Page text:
• dental pulp stem cells (DPSC);
  • in vitro conditions;
  • optimisation;
  • stem cells from human exfoliated deciduous teeth (SHED);
  • transplantation;
  • xeno-free culture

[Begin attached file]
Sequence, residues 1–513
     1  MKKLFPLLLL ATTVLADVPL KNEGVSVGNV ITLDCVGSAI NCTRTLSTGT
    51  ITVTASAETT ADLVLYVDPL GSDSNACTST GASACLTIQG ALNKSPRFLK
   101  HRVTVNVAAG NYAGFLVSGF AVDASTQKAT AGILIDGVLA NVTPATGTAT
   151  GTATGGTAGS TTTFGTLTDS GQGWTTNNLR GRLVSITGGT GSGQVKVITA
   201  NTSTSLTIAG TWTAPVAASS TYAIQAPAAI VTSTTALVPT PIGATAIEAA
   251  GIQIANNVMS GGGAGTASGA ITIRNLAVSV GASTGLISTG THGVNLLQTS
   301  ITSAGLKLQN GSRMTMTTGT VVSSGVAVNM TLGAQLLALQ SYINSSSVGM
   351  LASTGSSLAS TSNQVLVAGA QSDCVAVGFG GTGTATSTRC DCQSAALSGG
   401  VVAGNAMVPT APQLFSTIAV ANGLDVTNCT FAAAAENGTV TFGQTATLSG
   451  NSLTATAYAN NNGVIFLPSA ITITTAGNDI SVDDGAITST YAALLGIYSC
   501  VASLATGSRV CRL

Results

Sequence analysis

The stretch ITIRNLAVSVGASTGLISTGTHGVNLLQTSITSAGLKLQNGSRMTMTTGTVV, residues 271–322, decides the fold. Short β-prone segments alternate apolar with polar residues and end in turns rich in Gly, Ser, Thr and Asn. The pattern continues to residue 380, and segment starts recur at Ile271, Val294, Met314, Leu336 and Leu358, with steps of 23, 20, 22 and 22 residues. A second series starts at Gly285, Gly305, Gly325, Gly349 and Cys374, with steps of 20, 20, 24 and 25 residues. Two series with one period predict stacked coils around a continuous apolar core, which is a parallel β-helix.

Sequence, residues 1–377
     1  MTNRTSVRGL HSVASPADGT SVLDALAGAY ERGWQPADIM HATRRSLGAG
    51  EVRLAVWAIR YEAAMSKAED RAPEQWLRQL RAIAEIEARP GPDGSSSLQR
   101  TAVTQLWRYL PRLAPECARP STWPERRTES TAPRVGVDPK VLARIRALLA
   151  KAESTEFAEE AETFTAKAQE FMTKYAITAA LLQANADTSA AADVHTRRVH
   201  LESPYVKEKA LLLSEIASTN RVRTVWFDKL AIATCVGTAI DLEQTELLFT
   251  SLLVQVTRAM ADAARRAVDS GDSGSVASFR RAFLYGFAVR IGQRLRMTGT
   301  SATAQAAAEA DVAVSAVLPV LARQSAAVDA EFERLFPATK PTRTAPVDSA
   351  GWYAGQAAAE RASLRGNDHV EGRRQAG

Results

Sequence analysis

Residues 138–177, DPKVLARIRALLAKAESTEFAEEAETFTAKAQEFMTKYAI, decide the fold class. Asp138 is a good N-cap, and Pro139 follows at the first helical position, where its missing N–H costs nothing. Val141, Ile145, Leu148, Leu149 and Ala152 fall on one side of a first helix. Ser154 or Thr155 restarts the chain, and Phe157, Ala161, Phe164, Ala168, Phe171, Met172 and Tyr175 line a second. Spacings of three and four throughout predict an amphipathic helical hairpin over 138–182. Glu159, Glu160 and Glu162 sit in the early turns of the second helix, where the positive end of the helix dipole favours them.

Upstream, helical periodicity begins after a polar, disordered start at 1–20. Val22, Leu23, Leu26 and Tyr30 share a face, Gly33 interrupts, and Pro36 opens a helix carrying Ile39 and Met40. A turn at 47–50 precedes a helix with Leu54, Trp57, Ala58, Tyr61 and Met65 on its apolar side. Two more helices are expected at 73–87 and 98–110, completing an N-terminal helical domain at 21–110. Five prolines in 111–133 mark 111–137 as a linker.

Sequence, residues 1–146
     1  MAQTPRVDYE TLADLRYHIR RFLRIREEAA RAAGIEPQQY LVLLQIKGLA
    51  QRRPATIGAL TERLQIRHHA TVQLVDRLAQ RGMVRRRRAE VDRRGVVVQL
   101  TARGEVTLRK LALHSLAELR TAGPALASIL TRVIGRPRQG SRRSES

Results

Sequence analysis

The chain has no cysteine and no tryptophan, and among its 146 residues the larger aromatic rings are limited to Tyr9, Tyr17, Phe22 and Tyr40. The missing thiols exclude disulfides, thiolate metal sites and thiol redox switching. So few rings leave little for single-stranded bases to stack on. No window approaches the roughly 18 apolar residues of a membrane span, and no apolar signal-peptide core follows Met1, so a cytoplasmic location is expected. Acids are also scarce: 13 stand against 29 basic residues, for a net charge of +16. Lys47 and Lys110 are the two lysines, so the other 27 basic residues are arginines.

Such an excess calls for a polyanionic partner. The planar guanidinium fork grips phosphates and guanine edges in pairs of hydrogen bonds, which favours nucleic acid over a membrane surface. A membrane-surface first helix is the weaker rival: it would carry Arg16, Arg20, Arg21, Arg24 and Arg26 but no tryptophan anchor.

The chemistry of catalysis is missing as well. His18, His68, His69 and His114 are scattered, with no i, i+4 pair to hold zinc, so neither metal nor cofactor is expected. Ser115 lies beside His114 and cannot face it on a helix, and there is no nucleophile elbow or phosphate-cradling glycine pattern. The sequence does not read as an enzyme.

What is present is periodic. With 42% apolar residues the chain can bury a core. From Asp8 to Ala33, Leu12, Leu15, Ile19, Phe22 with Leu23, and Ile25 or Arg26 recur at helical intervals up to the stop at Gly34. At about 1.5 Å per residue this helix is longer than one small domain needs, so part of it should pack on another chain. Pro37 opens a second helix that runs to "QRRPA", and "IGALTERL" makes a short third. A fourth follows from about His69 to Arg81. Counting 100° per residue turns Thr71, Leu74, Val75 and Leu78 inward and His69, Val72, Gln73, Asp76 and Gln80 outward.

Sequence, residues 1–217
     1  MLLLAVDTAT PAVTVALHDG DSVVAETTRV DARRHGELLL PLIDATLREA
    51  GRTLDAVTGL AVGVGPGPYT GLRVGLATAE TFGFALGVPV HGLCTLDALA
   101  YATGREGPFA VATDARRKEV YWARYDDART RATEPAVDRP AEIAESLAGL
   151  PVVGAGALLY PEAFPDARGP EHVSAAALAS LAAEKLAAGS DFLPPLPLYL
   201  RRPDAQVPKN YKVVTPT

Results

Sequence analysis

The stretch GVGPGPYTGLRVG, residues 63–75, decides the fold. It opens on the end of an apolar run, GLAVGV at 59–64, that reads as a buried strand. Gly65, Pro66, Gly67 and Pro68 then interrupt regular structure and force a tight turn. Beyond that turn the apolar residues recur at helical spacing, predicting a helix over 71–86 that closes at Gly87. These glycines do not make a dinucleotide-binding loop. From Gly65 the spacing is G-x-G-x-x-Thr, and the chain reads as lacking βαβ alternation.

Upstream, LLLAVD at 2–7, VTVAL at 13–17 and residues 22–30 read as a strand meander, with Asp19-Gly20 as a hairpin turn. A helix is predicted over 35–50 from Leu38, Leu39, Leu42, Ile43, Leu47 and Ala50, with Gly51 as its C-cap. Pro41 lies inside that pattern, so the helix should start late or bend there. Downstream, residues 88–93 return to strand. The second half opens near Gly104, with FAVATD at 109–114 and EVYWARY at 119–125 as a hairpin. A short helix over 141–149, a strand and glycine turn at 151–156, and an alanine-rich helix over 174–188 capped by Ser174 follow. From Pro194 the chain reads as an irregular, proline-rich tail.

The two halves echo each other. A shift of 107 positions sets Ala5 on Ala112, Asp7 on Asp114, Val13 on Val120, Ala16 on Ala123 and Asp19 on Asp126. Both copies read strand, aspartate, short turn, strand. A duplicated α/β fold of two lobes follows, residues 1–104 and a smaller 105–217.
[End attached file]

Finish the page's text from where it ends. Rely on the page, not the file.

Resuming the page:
Advances in dental pulp stem cell (DPSC) biology and behaviour have promised much in the field of regenerative medicine. Their recent use in clinical trials for bone repair enforces the notion that DPSCs can be used successfully in patients; however they display diverse characteristics under different culture conditions. Since the success of any stem cell culture is regulated by its own micro-environment, it is imperative to optimise the growth conditions and establish a generic protocol for maintenance and scale-up. This study focused on optimisation of long-term culture conditions of human exfoliated deciduous teeth (SHED) in comparison with DPSCs, employing three commonly used basal media – knockout Dulbecco's modified Eagle's medium (KO-DMEM), α-MEM and DMEM/F12. Based on their characterisation with respect to morphology, growth kinetics, cell surface marker expression, differentiation capacity and plating density, our findings suggest that cells can be expanded with the highest efficiency in KO-DMEM medium supplemented with 10% FBS. Additionally, under our standardised xeno-free (10% human plasma) growth conditions, DPSCs displayed and retained their multipotent attributes until late passages. The differences in the growth and differentiation characteristics between SHED and DPSCs are shown, and certify SHED can be a key element in tissue engineering.